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Energy bill tactics left senators in the dark

I thought your readers might benefit from an insider's perspective of Tampa Bay Times staff writer Ivan Penn's insightful piece about Progress Energy's contemplated nuclear plant construction (An atomic money grab, March 11).

Full disclosure: I was one of the state senators who voted for this execrable piece of legislation in 2006. I did so unaware that the bill I had read had been amended in an unaffilliated committee by then-Sen. Jeff Atwater, now Florida's chief financial officer, at the behest of the bill's sponsor, Sen. Lee Constantine. My vote relied on the bill's sponsor, in what was the collegial convention, to advise as he brought the bill to the floor of changes that had been made since its emergence from its substantive committee. In 2009, I checked the video of the floor presentation. Constantine made no mention that a potential intergenerational transfer of billions of dollars was in the works.

Frankly, the only Senate members potentially with knowledge of the scope and impact of the amendment were those sitting on the Ways and Means Committee: Sens. Al Lawson, JD Alexander, Mike Fasano, Atwater, Skip Campbell, Charlie Clary, Victor Crist, Jim King, Gwen Margolis, Ken Pruitt, Burt Saunders, Rod Smith, Alex Villalobos, vice chair Les Miller and chairwoman Lisa Carlton. There was no mention of prepay costs recovery on the Senate floor. Had there been, that might have alerted some senators of the major policy shift and that the fox was in the henhouse.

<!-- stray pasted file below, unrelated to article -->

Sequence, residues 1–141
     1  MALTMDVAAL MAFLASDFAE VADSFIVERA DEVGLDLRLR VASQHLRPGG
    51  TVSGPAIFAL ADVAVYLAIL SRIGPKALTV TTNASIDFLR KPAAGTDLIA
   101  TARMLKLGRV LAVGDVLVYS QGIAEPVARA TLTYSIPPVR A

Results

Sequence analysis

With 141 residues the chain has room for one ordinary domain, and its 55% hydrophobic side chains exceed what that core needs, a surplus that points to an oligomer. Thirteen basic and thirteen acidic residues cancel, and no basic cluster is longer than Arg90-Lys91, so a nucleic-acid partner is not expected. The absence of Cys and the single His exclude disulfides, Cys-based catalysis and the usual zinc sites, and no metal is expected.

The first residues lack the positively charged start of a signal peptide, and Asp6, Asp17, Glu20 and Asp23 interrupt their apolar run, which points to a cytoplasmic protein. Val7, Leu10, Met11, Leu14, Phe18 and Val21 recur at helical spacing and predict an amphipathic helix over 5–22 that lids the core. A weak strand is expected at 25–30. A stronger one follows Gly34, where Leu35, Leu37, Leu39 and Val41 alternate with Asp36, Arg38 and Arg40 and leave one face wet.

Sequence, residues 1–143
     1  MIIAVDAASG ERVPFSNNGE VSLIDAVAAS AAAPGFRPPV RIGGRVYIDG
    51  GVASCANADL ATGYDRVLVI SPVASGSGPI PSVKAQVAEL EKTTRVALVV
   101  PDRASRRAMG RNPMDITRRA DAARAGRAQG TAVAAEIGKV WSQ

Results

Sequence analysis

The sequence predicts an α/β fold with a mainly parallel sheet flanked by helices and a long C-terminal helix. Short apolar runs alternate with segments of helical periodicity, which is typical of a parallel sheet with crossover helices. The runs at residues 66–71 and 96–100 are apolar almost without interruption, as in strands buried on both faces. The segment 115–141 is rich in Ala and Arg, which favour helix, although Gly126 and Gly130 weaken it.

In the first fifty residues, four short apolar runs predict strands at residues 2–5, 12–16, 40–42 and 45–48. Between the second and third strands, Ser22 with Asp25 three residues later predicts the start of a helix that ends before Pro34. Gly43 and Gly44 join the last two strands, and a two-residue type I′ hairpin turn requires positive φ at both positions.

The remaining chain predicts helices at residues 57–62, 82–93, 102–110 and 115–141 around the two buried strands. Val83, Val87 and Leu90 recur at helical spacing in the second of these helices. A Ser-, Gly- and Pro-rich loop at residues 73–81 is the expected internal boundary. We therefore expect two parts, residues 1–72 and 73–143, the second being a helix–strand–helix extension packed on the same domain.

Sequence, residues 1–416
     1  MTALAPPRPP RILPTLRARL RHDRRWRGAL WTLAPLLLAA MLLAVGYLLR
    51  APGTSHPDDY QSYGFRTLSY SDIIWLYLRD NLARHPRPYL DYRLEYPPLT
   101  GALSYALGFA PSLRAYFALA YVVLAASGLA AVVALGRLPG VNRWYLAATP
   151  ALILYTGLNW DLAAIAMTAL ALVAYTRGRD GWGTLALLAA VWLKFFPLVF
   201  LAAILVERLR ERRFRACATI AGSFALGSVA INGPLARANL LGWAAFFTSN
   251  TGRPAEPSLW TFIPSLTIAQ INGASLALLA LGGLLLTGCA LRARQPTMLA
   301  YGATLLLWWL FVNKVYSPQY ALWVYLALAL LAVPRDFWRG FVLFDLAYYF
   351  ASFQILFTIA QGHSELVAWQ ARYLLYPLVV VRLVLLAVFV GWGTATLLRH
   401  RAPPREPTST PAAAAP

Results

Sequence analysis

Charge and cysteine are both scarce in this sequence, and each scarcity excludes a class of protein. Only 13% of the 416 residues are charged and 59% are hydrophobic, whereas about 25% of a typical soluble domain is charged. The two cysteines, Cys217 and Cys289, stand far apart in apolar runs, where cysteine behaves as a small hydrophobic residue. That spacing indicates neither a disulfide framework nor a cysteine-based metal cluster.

In all likelihood, however, the sophistication of the amendatory language — it could have been written only by the Florida Public Service Commission or the industry, and the PSC, I determined later, did not write it — would have escaped most members.

Penn did not touch on one of the more egregious results of the legislation. It removed any responsibility for prudence or reasonable oversight on the part of the company in arranging financing, in the viability of the project, or in the arrangement of an efficient construction schedule. They had been given carte blanche, and they took it, fettered only by the pig factor — when the exercise of greed is so great it becomes embarrassing.

The legislation had many good provisions, such as moving toward alternative energy, reducing carbon dioxide emissions, etc. I read the bill after passage from its substantive committees. I did not agree with all of it, but liked much. It should not have been changed in the Ways and Means Committee to alter substantive policy.

The PSC was given one small chance to marginally restrain the costs, in denying prepayment for lining up to order a reactor. On the PSC at the time, I was the only vote against it. The major argument was that the Legislature obviously intended to grant the broadest latitude of interpretation of what constituted "preconstruction costs." I appreciate Fasano's efforts in trying to change that law.

Now, multiply this a thousand times, and be advised that this is how public policy is implemented in Florida.

Nancy Argenziano is a former state senator from Dunnellon and a former member of the Florida Public Service Commission.

Energy bill tactics left senators in the dark 03/14/12 [Last modified: Wednesday, March 14, 2012 6:22pm]
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